The Czech Republic also runs the risk of not having a commissioner on the next European Commission, the EU executive arm, it added".

EU leaders are anxious to secure Czech ratification to prevent an incoming Tory Government in the UK reversing British ratification and putting Lisbon to a referendum, where polls indicate the Treaty would almost certainly be rejected. The UK General Election must take place by June 2010 at the latest. Conservative Party leader David Cameron has promised a referendum if elected prior to the coming into force of the Lisbon Treaty by ratification in every member state. However, asked what his course of action would be if it is already in force by that date, he has only stated he would “not let matters rest there”.

Wednesday, October 7, 2009

Why there won't be an Election

With the impending Green conference on the Programme for Government on Saturday, much speculation surrounds the fate of the Government and the possibility of an early General Election perhaps within weeks. Such speculation is ill-informed, and smacks either of wishful thinking, ignorance of the Constitution, or both. I predict with near-certainty that there will be no General Election, on the basis of Article 13.2.2, which states:

"The President may in his absolute discretion refuse to dissolve Dáil Éireann on the advice of a Taoiseach who has ceased to retain the support of a majority in Dáil Éireann".
In that context, Cowen could lose a confidence-motion in Dail Eireann and Enda Kenny could be elected Taoiseach by virtue of the Greens crossing the floor and support from Sinn Féin. But Green support would surely depend on Enda Kenny agreeing not to seek a dissolution of Dail (and in practice a General Election) from the President. This is at the heart of the ignorance about the prospect of an early election – the role of the President and An Taoiseach. To start the train running, An Taoiseach must request a dissolution of Dail Eireann from the President of Ireland. Turkeys don’t vote for Christmas and consequently, Cowen certainly won’t request it. Likewise, neither will the Greens allow Kenny to. And even if Kenny requested a dissolution of Dail Eireann, the Greens would deprive him of his hypothetical majority, allowing President McAleese to refuse a dissolution. After all, she is a Fianna Fáiler at heart.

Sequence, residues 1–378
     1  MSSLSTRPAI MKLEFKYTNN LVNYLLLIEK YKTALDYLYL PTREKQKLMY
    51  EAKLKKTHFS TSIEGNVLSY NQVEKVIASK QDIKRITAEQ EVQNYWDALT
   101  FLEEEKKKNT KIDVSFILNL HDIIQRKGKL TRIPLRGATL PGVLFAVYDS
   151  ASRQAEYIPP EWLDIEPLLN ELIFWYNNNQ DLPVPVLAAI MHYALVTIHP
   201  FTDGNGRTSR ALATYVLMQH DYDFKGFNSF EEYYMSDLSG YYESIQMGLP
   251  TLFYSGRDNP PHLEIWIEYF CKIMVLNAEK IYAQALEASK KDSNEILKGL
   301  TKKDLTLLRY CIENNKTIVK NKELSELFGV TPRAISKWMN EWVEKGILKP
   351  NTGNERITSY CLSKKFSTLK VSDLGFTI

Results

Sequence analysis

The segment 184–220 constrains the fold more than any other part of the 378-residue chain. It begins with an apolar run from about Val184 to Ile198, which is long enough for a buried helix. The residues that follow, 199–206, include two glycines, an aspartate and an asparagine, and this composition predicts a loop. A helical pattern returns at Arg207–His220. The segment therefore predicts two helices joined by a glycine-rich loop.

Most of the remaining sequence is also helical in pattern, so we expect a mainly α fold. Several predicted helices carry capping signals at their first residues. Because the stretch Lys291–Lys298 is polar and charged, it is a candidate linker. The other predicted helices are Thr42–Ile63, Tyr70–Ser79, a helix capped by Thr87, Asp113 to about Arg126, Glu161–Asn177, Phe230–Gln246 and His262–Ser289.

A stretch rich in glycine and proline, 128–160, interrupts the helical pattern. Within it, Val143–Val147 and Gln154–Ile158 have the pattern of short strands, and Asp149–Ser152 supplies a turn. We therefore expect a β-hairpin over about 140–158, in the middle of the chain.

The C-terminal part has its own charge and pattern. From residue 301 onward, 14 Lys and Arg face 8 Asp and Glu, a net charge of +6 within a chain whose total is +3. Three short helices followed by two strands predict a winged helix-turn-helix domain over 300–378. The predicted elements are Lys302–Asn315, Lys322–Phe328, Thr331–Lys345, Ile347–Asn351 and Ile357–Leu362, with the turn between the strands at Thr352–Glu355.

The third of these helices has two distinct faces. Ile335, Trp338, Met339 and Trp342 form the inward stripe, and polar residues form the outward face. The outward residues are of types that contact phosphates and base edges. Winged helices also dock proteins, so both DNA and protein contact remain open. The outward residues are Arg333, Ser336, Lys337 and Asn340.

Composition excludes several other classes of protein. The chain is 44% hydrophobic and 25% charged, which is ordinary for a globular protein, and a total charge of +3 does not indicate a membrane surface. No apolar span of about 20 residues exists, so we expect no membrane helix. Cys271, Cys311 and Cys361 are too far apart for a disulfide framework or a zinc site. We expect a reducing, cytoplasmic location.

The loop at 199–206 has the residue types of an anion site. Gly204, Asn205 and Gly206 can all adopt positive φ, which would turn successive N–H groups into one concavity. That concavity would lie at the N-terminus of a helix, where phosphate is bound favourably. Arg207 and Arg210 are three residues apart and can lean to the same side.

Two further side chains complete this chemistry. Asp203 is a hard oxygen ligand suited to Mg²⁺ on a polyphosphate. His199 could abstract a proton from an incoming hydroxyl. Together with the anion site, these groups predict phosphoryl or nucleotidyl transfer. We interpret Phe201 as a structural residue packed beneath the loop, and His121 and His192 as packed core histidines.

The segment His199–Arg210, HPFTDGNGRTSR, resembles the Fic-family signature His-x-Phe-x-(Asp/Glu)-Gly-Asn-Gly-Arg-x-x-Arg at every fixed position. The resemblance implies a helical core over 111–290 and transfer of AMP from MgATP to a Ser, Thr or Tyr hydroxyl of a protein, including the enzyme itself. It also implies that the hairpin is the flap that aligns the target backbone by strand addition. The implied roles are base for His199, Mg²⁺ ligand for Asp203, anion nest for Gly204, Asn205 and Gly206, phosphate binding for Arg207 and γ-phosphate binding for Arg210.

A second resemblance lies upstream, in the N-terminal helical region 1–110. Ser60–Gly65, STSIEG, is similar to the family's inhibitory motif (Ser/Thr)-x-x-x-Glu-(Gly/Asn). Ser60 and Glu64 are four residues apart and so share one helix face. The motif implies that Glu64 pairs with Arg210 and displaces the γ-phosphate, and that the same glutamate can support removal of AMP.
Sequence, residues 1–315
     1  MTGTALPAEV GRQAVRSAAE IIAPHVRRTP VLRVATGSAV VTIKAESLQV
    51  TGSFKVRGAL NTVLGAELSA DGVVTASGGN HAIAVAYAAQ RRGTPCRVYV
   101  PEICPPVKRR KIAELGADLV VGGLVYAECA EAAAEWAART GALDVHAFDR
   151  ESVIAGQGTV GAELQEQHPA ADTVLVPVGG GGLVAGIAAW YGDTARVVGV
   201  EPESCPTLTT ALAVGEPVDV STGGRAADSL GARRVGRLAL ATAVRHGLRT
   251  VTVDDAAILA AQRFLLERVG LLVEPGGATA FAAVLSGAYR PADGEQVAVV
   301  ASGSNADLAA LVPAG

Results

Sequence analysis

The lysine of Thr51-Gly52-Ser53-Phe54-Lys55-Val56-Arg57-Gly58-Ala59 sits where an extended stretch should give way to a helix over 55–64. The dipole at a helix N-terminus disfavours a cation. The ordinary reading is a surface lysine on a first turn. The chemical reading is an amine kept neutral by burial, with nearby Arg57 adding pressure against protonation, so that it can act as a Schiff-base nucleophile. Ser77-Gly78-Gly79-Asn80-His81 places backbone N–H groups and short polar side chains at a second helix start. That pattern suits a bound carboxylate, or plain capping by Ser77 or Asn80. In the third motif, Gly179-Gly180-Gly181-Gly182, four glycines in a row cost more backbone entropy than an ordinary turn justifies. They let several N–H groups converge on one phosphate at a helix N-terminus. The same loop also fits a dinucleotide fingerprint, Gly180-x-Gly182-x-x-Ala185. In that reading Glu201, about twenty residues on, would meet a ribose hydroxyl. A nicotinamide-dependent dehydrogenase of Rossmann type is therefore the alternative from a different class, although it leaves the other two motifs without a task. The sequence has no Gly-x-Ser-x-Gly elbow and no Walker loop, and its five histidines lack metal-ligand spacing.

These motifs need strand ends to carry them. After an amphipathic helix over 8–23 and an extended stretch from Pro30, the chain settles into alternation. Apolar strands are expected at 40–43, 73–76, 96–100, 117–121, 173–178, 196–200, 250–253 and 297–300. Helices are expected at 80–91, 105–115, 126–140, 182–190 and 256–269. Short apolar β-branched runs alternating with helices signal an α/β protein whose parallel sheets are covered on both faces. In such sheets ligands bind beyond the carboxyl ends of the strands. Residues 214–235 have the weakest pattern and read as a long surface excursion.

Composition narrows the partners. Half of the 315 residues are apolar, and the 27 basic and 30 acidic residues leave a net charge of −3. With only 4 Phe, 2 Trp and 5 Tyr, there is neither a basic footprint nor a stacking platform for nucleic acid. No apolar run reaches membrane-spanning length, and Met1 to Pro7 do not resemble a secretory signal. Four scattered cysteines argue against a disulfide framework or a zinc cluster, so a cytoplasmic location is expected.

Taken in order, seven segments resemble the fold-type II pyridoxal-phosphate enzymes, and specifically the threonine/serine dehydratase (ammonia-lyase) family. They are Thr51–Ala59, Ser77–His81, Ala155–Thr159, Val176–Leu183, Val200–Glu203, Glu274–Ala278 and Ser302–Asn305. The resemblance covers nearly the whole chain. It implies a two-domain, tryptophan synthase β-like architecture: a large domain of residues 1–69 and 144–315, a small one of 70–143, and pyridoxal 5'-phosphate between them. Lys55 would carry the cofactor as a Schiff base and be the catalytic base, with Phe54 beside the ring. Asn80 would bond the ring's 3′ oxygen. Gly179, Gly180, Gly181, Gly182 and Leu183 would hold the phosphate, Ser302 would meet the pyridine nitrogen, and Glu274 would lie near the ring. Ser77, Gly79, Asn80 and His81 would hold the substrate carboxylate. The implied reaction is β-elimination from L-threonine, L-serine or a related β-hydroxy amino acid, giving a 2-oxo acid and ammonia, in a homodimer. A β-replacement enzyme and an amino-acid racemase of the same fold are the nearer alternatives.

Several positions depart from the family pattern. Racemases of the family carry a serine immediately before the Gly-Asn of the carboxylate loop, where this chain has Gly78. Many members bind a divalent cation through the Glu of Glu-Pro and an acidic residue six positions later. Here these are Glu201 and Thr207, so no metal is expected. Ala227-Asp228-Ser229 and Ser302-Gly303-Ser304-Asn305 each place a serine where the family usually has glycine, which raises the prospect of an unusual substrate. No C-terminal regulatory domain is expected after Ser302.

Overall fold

Thursday, October 1, 2009

Lisbon: Germans bully Czech Court

The German Ambassador to the Czech Republic exerted pressure on the Czech Chief Justice on ratification of the Lisbon Treaty, according to Czech Newspaper "Euro". Two weeks before 17 Senators filed a new complaint against the constitutionality of the Treaty before the court, the German Ambassador to the Czech Republic, Johannes Haindl reportedly pressed Czech Constitutional Court Chairman Pavel Rychetsky to dismiss the challenge so that Czech ratification of the Lisbon treaty can proceed. The newspaper reports that he got what he wanted:
"Rychetský had reportedly promised the German ambassador rapid settlement of the contract".
Czech Senators involved in the challenge reacted angrily to the revelations, accusing Germany of outside-interference and of undermining the independence of the judiciary.: